Home » Bainamarama » Could this be Bainimarama’s plan?

Could this be Bainimarama’s plan?

With our ‘I’ for illegal PM in Beijing I suddenly had a flash of inspiration about the future of our doomed sugar industry.

FSC has been borrowing the money needed pay to cane farmers for their cane, even at the miserable price of $50 a tonne. At $80 a tonne this party is going to come to an end.

So what happens next? I had been wondering about the money paid out for land in Vanua Levu and plans for acquiring more in Viti Levu. Why would you do that if you knew the industry was doomed? Then suddenly the scales fell from my eyes.

On one of Bainimarama’s early trips to China he talked up the idea of Chinese investment in cassava for ethanol. This seemed to me to be just another piece of propaganda. Chinese would never invest in an ethanol plant based on cassava without huge tracts of land to go with it.

With this scenario the land acquired by FSC becomes a key asset for such an investment. Smallholder planters could supply some of the input to a big industrial ethanol plant, but no Chinese investor would want to rely on them. What they’d want is a ‘nucleus estate’ to provide the minimum input to keep an ethanol plant in business.

With a nucleus estate they could never face the threat of a strike from their input suppliers. (They don’t need to speak to the ghosts of the old CSR bosses to work this out.) They’d have their minimum input for plant viability and, with this, they could buy from their other suppliers at rock bottom prices because they’d have all the bargaining power.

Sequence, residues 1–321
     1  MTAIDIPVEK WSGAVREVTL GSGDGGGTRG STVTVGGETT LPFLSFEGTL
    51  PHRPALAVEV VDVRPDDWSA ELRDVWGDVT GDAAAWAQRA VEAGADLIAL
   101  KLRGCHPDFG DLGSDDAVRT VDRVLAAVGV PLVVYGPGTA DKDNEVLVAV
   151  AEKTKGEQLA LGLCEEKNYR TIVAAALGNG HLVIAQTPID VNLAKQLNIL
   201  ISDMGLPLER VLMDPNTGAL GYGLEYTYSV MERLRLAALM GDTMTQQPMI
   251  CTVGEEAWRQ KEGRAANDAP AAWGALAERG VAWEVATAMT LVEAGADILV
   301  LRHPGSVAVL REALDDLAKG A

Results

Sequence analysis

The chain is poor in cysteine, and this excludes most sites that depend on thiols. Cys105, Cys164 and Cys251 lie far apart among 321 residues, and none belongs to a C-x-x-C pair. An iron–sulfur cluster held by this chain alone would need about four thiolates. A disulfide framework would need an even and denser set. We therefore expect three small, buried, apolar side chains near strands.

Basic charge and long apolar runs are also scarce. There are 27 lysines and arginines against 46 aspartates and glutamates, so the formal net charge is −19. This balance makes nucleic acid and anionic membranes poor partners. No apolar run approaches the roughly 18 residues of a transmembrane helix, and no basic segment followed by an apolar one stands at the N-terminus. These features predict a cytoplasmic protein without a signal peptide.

Don’t expect ulukau Frank to work this out – all he’d worry about is the money upfront (for him). He’d never cotton on to the position it would put smallholder growers in. He’d think they have a market -what more could they want?

I might be imagining things, but one thing I’m sure of – at $80 a tonne FSC will go broke fast unless our mills suddenly start to produce a tonne of sugar with 8 tonnes of cane, and we know that’s not going to happen.

12 thoughts on “Could this be Bainimarama’s plan?

  1. Navosavakadua

    E kena I rairai ni o kemuni ga sa bakola vuku duadua e tiko ena gauna oqo. Na vei ka kece ga e sega se e sebera ni laurai ko ni sa wilika se raica rawa. Ko ni vei rulaki ena ulukau ka cavuta e so na vosa ni veibeci vei Ira eso na Turaga kei na Marama ka ra tutaka tiko na veiqaravi me da qaravi kina na lewe I Viti.

    Au kerei kemuni mo ni sa saga mada ki na Matanitu moni veivuke ka veiqaravi kina. De na rairai daumaka beka kina na toso ni Matanitu. Sa rauta mada na vosa ni veiduci, veivakacacani kei na cakacaka sega na betena ko ni cakava tiko.

    Vinaka saka.

  2. @ Kaunitoni

    The light will always be shone over darkness for the chosen ones to see the evil that only prevails for a short while. Take a lead from the book that says that the Spirit came to convict the world of guilt regarding judgment because the prince of this world already stands condemned. You might conlcude that Navosavakadua is a prophetic voice to the undiscerning Fiji citizens who have been abused and conned by the regime. This is how it will be for the innocent and vulnerable who will be guided by the wisdom of others to understand what is really happening to their lives. I should remind you that with the evil Bainimarama has brought on Fiji people and families, he indeed has sided with the prince of darkness bringing darkness to the lives of children, mothers, fathers and wives who grieve the loss of their loved ones. The grieving persists in the hearts of the people and blood of the innocent is still crying out! This is the score that is yet to be settled and only justice will do it. Cassava, ethnol, chinese loan or whatever cannot do this. The actions of Bainimarama and his band of thugs already stands condemned and we are merely journeying through moments when all else will come to pass……….tik…tok…tik…tok!!!